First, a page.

Carbon output variables of the IBIS model include live and dead biomass, soil organic carbon, carbon losses from disturbance, as well as net primary productivity (NPP) and net biome productivity (NBP). In this study, we used the dominant vegetation cover (i.e., forest, agriculture, shrub, and grass) to summarize carbon variables because most land pixels are mixed with more than one cover type. Statistics for forest land pixels usually include a certain amount of other vegetation types. Similarly, agricultural land summaries may also contain a small amount of forest and other vegetation covers.
IBIS uses biome level plant functional types (PFT) to represent major vegetation groups, which are coarsely defined in the model based on climate conditions. Some stand or landscape level carbon control factors for forest systems are not considered in the current version of IBIS, such as tree species, age class and stem density. Similarly, the modeled crop system only includes two generic crop PFTs (C3 and C4 crops). This makes site level model calibration difficult.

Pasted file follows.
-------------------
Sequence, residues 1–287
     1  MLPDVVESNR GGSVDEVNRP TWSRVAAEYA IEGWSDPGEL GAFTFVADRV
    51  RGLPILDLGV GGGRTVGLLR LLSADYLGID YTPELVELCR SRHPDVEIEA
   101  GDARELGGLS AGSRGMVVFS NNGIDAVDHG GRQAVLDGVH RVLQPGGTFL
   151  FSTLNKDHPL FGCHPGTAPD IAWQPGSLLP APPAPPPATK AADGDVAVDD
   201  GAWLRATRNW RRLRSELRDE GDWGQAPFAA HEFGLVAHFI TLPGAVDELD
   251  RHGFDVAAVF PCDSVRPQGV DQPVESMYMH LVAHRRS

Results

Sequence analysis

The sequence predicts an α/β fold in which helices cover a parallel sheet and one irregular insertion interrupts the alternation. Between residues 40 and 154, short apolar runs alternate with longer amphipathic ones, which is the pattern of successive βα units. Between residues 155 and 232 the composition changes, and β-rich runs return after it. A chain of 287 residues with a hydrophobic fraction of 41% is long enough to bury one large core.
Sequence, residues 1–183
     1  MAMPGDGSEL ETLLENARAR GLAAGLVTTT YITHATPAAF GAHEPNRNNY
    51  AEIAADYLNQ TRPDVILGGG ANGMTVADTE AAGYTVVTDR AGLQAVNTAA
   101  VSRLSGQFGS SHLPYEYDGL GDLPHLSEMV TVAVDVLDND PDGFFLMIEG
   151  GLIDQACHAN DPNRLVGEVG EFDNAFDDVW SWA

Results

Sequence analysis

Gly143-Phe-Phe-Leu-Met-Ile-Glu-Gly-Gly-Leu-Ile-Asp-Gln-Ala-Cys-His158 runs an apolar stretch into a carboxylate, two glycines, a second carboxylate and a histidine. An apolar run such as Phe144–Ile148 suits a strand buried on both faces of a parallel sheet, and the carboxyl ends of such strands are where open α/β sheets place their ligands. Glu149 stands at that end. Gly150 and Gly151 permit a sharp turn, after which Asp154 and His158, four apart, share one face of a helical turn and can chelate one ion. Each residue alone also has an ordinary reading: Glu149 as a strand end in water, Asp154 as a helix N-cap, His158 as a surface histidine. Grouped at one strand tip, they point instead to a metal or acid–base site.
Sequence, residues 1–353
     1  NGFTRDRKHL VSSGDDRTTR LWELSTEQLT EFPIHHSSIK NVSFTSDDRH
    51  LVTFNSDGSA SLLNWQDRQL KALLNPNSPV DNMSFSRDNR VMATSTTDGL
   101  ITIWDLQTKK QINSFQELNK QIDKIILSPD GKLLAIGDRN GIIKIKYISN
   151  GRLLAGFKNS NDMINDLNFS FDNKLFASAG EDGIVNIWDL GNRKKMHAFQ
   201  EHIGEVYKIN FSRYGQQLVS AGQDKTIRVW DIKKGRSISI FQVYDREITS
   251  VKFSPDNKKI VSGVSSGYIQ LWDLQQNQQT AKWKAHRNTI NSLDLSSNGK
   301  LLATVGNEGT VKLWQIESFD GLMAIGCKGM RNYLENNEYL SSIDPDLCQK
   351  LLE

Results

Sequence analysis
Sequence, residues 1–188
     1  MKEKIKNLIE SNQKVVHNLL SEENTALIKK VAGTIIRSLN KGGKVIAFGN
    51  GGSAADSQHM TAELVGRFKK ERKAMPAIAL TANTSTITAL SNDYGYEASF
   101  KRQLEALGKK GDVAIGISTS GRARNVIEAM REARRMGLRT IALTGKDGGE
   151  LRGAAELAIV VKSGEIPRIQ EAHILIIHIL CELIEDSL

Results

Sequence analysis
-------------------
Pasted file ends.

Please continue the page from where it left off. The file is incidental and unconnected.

To validate the model, a county level calibration procedure was developed. For forest, 1-km MODIS forest NPP for 2001–2005 was averaged at the county level and compared with IBIS simulated forest NPP. Then, an adjustment scalar was introduced. The scalar was assumed to help in dealing with unknown environmental factors (e.g., species, age, stem density). For crops, without considering details like crop species, irrigation, fertilization, and double cropping in IBIS, we used the county level USDA NASS crop yield statistics and IBIS grain yield to generate a county level grain yield scalar, which partly reflects the human activity difference by geolocation. The scalars were used to modify the Maximum Rubisco-limited rate of carboxylation (Vmax) of related PFTs (forest or crop) in a new IBIS run. In addition to NPP and grain yield calibration, simulated forest live biomass at 100 years of age was also calibrated. Forest growth curves from the Carbon On Line Estimator (COLE) [55, 56] were used as the general forest growth references to be compared with IBIS growth curves.